A number of centers have advocated the use of older heart donors to expand the donor pool and have reported no significant difference in 1-year graft survival with donors over the age of 40,10,11 over the age of 45,8,12 or over the age of 50.13 However, the number of older donors reported from these centers is small and only univariate analysis has been employed. The major multivariate analyses of the effects of increased donor age on both early and long-term survival after heart transplantation have been reported from UNOS,26 the CTRD,25,27 and the ISHLT Registry.28 Each of these reports has found decreased survival for recipients of hearts from donors over the age of 40. Similar findings have been reported from the ISHLT for recipients of lungs from donors over the age of 50.28 Although the odds ratio for 1-year mortality using heart donors over the age of 50 is approximately 1.5, this only translates into an increase in 1-year mortality from
10%-15% which contrasts quite favorably with a waiting list mortality of 20% or a predicted mortality of 40-50% with NYHA Class III-IV congestive heart failure. Therefore, we continue to utilize highly selected older donors particularly for older recipients or those who are critically ill (e.g., facing the prospect of death or mechanical assistance within the near future).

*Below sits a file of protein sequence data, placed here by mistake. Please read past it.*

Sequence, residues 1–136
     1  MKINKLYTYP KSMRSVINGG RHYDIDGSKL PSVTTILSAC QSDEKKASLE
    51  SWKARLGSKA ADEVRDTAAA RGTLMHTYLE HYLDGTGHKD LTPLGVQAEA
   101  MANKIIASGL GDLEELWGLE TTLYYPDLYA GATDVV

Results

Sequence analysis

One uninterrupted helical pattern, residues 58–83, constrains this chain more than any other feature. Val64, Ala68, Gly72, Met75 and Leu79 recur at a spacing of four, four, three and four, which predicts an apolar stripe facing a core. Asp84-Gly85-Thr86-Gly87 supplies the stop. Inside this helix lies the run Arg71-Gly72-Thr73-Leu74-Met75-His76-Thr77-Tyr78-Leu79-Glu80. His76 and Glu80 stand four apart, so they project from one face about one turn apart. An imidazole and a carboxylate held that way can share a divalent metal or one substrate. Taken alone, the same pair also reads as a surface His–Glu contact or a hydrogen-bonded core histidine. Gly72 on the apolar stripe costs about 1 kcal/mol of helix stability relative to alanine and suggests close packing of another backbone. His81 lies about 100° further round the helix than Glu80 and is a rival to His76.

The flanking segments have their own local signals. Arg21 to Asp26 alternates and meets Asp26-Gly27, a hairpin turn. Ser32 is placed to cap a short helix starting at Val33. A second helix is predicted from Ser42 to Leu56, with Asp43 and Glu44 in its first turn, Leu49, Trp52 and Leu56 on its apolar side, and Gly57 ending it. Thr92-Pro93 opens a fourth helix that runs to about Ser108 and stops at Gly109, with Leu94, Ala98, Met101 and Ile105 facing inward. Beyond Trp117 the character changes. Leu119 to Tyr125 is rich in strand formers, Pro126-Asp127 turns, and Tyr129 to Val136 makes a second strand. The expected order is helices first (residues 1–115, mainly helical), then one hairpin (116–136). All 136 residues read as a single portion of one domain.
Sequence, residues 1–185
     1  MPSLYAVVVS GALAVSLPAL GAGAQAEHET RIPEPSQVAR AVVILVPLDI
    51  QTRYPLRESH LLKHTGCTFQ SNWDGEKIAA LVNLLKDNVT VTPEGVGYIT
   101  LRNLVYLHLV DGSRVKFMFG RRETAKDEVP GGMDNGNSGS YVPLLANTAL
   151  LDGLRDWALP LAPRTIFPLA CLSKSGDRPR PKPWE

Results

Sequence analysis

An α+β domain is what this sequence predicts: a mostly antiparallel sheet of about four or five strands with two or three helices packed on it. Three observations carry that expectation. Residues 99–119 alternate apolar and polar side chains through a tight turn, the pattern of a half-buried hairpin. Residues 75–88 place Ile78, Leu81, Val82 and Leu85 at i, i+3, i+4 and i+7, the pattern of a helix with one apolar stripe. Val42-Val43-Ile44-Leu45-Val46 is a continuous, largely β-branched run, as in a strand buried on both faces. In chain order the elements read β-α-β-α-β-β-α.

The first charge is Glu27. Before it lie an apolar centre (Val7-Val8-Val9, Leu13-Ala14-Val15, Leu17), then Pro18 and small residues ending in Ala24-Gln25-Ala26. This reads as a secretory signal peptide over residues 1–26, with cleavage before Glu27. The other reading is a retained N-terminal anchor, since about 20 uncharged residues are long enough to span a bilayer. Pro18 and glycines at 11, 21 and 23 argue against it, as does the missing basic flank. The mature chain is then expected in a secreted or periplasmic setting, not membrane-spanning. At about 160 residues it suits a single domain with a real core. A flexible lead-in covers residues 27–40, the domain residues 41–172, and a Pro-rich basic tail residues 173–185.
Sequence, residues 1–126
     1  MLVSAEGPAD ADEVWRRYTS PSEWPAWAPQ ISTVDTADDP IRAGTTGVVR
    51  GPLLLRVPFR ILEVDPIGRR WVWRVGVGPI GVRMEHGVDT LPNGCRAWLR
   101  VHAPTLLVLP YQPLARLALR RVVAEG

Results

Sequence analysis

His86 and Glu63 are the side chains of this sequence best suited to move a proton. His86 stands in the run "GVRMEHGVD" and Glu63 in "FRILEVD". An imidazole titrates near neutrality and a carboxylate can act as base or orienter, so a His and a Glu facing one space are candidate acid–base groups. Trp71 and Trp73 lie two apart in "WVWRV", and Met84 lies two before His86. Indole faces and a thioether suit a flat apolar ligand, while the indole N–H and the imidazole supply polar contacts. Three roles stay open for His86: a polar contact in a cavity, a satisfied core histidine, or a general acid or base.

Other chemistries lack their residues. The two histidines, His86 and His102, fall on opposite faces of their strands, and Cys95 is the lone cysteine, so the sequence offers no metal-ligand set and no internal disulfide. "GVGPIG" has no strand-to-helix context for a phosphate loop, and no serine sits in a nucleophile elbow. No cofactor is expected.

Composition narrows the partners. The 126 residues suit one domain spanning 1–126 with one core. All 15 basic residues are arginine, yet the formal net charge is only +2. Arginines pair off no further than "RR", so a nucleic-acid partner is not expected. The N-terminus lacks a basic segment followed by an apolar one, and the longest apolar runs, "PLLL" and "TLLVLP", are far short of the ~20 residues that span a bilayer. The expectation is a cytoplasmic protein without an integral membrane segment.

Recipients of hearts from female donors were initially felt to have worse outcomes than those receiving male donor hearts. In fact, data from both the ISHLT Registry28 and from UNOS26 would initially appear to support this assumption. However, a more thorough analysis by the TCRD27 has noted that this effect disappears when the data are normalized for body surface area, suggesting that small body size rather than gender alone produces the differential outcomes. Although the use of female donors does not effect survival following heart transplantation, data from the TCRD does show a significant increase in acute rejection29 and late recurrent rejection30 with the use of female donors. Based on these findings, we have generally avoided using undersized female hearts for larger male recipients and monitor the recipients of female donors (particularly female recipients) more closely for rejection.
The effect of racial mismatches in heart or lung transplantation has not been critically analyzed. Recently released data from UNOS suggest that using non-white donors does not significantly impact early (30 day) graft or patient survival, but does have a negative impact on 1-year graft and patient survival for both heart and lung recipients.26 However, donor size was not factored into the analysis. Since the impact of racial mismatch appears to be small, we have chosen not to let racial factors influence donor selection.